Candace Clark, 21, of Hoffman Estates, is charged with felony disorderly conduct. The judge handling her case recently blasted prosecutors for giving “Empire” actor Jussie Smollett a break on a similar charge, but not Clark. | Photo provided.

Judge wants to know: Jussie Smollett gets a break, so why not Home Depot worker?

Candace Clark’s disorderly conduct case looked to be heading for a quick, tidy resolution: If she paid back the money she owed, held down a job and showed up for court dates — among other things — then the prosecutor would dismiss the charges.

The case, in a Rolling Meadows courtroom earlier this month, would end like countless others for first-time offenders. But first, the judge had something to say.

“I’d like to know why Ms. Clark is being treated differently than Jussie Smollett,” asked Cook County Judge Marc Martin. “It’s a disorderly conduct case [false] reporting — a lot less egregious than Mr. Smollett’s case. I have a problem with it. Why is she being treated differently?”

Martin, according to transcripts from the April 11 hearing, was referring to how the Cook County state’s attorney’s office in March abruptly dropped a disorderly conduct charge against the “Empire” actor — without any formal conditions.

“I was very shocked. I was ecstatic,” said Clark, 21, who lives in Hoffman Estates and works the overnight shift taking care of plants and unloading freight at Home Depot. Clark was back in court Thursday, with her public defender able to convince Martin to give her client two more weeks to possibly resolve the case, first reported by Fox 32 Chicago.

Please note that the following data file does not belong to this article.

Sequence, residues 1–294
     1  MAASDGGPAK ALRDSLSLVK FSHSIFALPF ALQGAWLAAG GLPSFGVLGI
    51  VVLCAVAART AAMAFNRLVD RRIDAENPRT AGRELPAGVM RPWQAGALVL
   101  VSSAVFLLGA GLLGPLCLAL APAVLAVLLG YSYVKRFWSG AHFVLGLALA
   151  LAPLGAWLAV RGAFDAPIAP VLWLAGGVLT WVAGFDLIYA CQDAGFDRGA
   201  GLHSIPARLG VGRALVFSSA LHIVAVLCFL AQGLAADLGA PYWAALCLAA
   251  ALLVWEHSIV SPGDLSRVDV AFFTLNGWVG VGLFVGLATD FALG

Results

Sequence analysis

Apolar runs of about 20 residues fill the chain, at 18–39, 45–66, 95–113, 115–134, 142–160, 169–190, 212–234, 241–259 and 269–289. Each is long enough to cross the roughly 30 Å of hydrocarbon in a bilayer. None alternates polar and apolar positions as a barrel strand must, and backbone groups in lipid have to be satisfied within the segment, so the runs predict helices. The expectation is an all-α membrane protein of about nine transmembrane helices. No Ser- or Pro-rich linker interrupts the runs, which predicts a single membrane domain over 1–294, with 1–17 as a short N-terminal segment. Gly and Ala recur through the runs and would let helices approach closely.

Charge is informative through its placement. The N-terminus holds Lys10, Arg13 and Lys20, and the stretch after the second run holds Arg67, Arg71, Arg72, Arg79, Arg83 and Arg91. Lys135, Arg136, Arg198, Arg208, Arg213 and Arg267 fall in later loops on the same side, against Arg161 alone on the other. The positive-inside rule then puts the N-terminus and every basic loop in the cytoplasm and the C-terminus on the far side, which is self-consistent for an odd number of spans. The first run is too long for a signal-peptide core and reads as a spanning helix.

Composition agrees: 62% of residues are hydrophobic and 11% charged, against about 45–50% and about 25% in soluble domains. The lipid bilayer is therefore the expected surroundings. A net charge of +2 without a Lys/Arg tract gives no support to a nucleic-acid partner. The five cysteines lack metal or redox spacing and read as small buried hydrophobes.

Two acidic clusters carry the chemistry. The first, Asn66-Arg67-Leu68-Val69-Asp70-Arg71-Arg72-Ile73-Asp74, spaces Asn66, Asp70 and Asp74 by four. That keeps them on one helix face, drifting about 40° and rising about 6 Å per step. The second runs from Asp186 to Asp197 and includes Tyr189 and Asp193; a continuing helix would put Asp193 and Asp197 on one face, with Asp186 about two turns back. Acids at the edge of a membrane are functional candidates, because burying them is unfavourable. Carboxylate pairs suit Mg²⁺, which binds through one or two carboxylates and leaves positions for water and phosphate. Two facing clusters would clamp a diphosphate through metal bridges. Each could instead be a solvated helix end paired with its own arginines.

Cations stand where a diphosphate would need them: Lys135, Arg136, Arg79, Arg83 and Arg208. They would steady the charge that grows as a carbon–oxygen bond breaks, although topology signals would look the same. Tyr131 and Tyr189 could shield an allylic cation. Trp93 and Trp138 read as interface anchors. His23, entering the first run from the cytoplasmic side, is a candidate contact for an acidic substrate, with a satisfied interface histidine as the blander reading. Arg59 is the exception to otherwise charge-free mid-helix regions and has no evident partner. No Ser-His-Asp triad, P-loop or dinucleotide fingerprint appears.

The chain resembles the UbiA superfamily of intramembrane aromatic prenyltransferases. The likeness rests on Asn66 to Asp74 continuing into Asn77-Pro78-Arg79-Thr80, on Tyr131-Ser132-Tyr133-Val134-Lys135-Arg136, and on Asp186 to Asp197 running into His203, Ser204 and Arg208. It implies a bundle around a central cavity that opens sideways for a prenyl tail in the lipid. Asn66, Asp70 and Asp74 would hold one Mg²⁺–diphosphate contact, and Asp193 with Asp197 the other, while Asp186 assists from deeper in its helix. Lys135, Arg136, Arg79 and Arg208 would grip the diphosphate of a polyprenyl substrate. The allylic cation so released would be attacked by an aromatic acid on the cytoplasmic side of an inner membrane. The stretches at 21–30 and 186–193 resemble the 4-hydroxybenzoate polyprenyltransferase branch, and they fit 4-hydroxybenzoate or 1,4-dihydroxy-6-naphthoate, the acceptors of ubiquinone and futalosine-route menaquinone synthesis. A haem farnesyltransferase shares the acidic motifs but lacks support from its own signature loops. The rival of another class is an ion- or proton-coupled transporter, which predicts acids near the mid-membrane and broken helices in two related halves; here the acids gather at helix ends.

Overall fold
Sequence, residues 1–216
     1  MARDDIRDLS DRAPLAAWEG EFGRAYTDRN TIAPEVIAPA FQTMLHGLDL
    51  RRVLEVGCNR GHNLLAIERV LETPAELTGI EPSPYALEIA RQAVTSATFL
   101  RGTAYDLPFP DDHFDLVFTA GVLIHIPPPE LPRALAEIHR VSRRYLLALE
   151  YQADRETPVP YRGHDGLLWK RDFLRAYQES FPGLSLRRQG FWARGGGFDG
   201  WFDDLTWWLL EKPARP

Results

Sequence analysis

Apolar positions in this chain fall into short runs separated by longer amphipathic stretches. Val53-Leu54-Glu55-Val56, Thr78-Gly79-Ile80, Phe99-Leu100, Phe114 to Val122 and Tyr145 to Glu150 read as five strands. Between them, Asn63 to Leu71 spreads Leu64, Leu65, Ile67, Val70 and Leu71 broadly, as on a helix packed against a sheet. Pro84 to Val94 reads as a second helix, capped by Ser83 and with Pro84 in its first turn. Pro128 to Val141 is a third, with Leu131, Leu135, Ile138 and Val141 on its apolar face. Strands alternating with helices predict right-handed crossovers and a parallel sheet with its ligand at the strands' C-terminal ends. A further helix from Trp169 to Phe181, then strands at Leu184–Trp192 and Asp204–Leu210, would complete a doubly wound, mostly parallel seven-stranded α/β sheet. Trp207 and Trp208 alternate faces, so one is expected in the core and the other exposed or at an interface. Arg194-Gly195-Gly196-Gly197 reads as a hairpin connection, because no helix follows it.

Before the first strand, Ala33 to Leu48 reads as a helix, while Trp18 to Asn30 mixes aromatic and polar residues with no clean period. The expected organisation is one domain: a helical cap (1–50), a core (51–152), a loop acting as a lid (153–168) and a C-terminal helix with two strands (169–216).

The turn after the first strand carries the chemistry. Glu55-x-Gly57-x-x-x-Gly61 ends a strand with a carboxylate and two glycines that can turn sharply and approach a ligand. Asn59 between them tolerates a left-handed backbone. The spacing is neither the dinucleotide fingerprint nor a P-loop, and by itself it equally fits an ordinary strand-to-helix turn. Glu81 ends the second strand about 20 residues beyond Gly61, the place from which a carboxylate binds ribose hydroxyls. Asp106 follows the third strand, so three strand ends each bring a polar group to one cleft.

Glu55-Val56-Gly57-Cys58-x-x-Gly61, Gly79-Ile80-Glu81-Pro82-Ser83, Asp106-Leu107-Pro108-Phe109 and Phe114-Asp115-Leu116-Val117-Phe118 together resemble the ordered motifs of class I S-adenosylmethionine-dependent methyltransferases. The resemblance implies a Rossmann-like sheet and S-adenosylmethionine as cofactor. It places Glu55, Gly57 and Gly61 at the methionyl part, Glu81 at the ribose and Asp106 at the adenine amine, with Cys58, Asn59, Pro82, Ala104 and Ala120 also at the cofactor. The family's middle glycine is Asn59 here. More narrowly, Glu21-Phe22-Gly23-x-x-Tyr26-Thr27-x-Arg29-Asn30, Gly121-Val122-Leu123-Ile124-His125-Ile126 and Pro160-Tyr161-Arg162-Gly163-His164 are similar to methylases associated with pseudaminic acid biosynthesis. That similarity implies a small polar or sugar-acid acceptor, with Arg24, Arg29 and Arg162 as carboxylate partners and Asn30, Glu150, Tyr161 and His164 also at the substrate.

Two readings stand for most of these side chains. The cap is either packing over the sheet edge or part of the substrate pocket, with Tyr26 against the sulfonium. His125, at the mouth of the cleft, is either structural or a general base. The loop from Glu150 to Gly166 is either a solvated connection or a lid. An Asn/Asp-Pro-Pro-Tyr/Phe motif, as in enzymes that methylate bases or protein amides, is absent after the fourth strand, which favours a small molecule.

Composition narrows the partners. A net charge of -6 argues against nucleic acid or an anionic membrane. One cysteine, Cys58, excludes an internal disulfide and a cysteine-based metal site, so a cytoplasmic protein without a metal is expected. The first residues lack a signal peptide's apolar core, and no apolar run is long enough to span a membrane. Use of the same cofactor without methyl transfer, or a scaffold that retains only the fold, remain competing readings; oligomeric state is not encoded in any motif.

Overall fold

Clark, like Smollett, was charged with felony disorderly conduct for allegedly filing a false police report — on Oct. 30, 2018, in a case without publicity that allegedly involved check forgery.

On April 11, just before Martin expressed his astonishment at Clark’s treatment, the prosecutor assigned to the case had filled out paperwork for a “deferred prosecution,” which would have required Clark to pay back approximately $2,500 — as well as attend periodic court hearings, get a G.E.D. and either show proof of a job or do community service, said Wendy Schilling, Clark’s assistant public defender.

“I appreciate that they offered it, but it’s just so many more things she has to do that’s going to work against her, instead of helping her,” Schilling said after Thursday’s brief court hearing.

But Clark never signed off on the deal, after Martin repeatedly blasted the way prosecutors were handling her case relative to Smollett’s.

The prosecutor handling the case on April 11, Allison Kudzy, told Martin “each case is reviewed individually based on the facts, the investigation and the position of the victims in this case.”

Kudzy’s words didn’t satisfy Martin.

“Well, Ms. Clark is not a movie star, she doesn’t have a high-price lawyer, although, her lawyer is very good,” Martin said at one point during the hearing. “And this smells, big time. I didn’t create this mess, your office created this mess. And your explanation is unsatisfactory to this court. She’s being treated differently.”

Martin said he wanted both sides to “take a step back and reevaluate the situation.”

Citing “pending litigation,” Tandra Simonton, a spokeswoman for Cook County State’s Attorney Kim Foxx, had no comment.

On Thursday, Clark, who makes $12 an hour and is engaged to be married, said she just wants the case to go away. She also said she wishes she had what Smollett has.

“He has money and I don’t,” Clark said. “He can pay for a lawyer, and I can’t.”

She’s due back in court May 15.

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